5 I wore a dress for the first time since we've been looking after Ben.  Every other day, I've worn jeans with increasingly muddy bottoms.  I mean bottoms of the legs of course, not bum level.  That isn't muddy.  It's not that it's warmer, just that I was being a bit sociable at lunchtime.  Tomorrow, I shall have my hair cut.  Jolly good, it grows surprisingly quickly and, although I rarely look in the mirror, I'm generally aware that I look a bit haphazard and scruffy much of the time.  I did get around to putting my rings on this morning though.  I take the view that a bit of bling takes the eye from my lack of personal grooming.  

Monday 25 February 2013

Take five

Five things

1 Ben barked at 4 am.  I came down and let him out, he lifted his leg against a tree for some time, so needed to go.  However, when he barked again at 7 and I came down again (I'd still been awake at 6, and hadn't slept at all until after 2), he just wanted to play.  The Sage slept through it all.

2 I cooked him* a massive marrow bone on Saturday, gave it to him today and he was thrilled with it and spent a long time gnawing it out in the passageway.  The carpet out there is now rather greasy, but it's nasty old carpet tiles, only still there because they are so easy to lift and wash.  Ten years ago, my mother couldn't understand why I didn't get something better, but they're dirt-coloured and so useful.

3 The Sage has started buying me flowers.  It's been tulips the last couple of weeks and today he brought carnations, freesias and pink roses.  Very charming of him, but quite disconcerting after all these years.

4 I opened a bottle of red wine which had lost its label.  I found that the cork was marked La Croix St André Lalande-de-Pomerol 1979.  It is delicious.  Just as well I hadn't realised, I'd have saved it for a special occasion which might never arise.

5 I made soup of onion, celery and potato flavoured with cumin seeds, cooked in vegetable stock and milk.  It was very good.  And we had sausages too.  We'd had bacon and eggs for lunch, I'm going for lot of walks and am permanently cold as a result.

*Ben, not the Sage

Sunday 24 February 2013

Z sits back and watches television

I've finally realised why Ben is very like, but also very unlike Chester to look at.  He's like Chester in middle age, ten or so, not as he was as a young dog.  Chester was very skinny and whippy, it was the setter in him, and he was darker too when he was young.  Ben is much chunkier, though he's little more than a pup.

The Sage got up to use the loo at 6.30, which woke Ben and he barked to go out.  So I - yes, darlings, the Sage was ruthless about it - got up and walked into town rather earlier than expected.  It's not very far, not quite a mile and a half.

News about Ben's owners - Gill is finding it much easier to get about the bungalow using Andy's wheelchair and not trying to hop around with a walking frame.  Andy isn't too well, having developed an infection.  His health is precarious and Gill asked the nurse to contact his consultant rather than just give antibiotics, which might not be appropriate.  When she said the full name of his specific condition - a three-word phrase which I've forgotten - it was clear that the nurse wasn't familiar with it (not surprising, it's very rare) and was taking the situation seriously.

I've not done a stroke of work the last week.  I'll be sorry any day when it all catches up with me, but right now I'm feeling very okay about it.

Saturday 23 February 2013

Forty times Z

I also offered to write up the church rota for the next three months, which I used to do but is now Andy's job.  Sadly, there are so few of us now to do the necessary jobs that my first draft has my name down forty times.  Someone else is down fifteen times, another eleven and another three.  That's everything except the readings on Easter Sunday and the flowers, which I have a feeling will be done between two of us for the most part.  I should add that I'm waiting to hear back from two others and I expect they will take on a few readings, at least.  I'm down so often because, whatever else I do, I'll be playing the music until Andy is able to take his turn again.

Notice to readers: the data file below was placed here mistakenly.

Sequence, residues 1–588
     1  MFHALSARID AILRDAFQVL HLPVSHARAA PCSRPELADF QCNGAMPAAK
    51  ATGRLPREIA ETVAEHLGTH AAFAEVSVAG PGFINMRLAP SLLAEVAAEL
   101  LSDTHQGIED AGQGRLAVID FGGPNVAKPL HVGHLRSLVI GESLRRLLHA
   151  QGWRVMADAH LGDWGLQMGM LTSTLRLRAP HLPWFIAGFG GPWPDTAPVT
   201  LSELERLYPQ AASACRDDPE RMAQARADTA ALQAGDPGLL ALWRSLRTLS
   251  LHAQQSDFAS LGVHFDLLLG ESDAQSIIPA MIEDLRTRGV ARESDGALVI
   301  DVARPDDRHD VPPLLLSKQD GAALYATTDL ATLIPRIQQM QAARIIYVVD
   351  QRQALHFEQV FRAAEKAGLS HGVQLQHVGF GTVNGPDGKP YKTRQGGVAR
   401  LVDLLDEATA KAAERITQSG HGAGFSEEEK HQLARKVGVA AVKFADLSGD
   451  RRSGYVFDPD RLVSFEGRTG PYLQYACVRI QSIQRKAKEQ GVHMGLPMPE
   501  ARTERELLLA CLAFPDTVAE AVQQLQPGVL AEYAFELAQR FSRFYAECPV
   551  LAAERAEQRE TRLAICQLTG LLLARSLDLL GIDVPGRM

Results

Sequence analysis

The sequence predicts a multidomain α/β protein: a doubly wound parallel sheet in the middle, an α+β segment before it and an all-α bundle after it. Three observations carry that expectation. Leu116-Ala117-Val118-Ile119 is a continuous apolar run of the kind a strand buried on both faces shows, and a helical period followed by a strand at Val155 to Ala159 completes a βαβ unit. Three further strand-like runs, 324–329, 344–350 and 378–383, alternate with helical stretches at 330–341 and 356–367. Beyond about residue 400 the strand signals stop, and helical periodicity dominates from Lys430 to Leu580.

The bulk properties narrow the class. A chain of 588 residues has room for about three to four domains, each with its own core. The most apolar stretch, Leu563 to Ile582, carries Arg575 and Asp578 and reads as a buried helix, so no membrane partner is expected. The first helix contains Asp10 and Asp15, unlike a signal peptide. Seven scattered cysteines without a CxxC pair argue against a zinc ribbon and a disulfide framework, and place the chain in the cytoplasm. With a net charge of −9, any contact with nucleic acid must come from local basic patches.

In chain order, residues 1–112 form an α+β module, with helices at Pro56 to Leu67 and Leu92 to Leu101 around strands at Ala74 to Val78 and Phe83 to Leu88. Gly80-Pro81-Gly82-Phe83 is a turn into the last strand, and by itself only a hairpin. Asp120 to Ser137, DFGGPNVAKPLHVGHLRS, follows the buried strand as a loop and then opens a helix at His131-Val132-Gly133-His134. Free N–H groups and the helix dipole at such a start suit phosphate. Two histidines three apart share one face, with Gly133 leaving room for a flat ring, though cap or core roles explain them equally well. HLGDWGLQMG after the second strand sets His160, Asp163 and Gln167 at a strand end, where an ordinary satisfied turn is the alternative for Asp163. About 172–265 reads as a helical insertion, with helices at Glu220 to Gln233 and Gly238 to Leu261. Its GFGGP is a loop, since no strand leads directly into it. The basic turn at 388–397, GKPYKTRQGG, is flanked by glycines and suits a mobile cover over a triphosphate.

I'm not sure if I've mentioned it, but our Rector left last autumn to take on a new parish.  Apparently, we have a candidate for the appointment and we're meeting him or her on Monday - I'm not very involved in church things, whatever it looks like, so the news has just caught up with me and I've been invited along (as has the Sage, but he has another engagement).  I don't really approve of the way church appointments are made.  The Bishop chooses the short list, which often comprises one candidate, then there's an interview, but it's very much a supervised affair, so the churchwardens and other interested people don't really have a free hand.  And, not seeing the applications, one isn't given background knowledge and there might be reasons for putting someone forward for a post that don't put the parish first.  I'm sure the Bishop tries very hard to put a round peg in a round hole, but more openness would be better, not least because plans could be made for mutual support before problems arise - which usually result in parishioners having found another church to attend or opted out altogether.  Of course it can work the other way and a successful minister gives a feeling of spiritual and/or practical support and encouragement, which brings more people in.  It's not just a matter of bums on pews, but if someone comes along once in a while, they're quite sniffy if there aren't fresh flowers, a warm church and an equally warm welcome, with a tidy and well-mown churchyard to boot, even if they never give time or money towards providing or supporting them.  Right now, we only have one service a month when we can be sure of having double figures in the congregation, and then there are often at least forty - but it's a family do, very informal, we serve breakfast first and, although the people who come love it, they wouldn't come every week because young families are busy on a Sunday.  And most of the older people - except for a few who come with their grandchildren - don't like it at all.  I don't mind, but I'm easy-going, and even I don't feel as if I've been to church.  Anyway, tomorrow I'll be reading the lessons at the short formal service beforehand, helping with coffee and breakfast and then playing the clarinet.  And you'll notice I've not mentioned God at all.  Nor am I going to.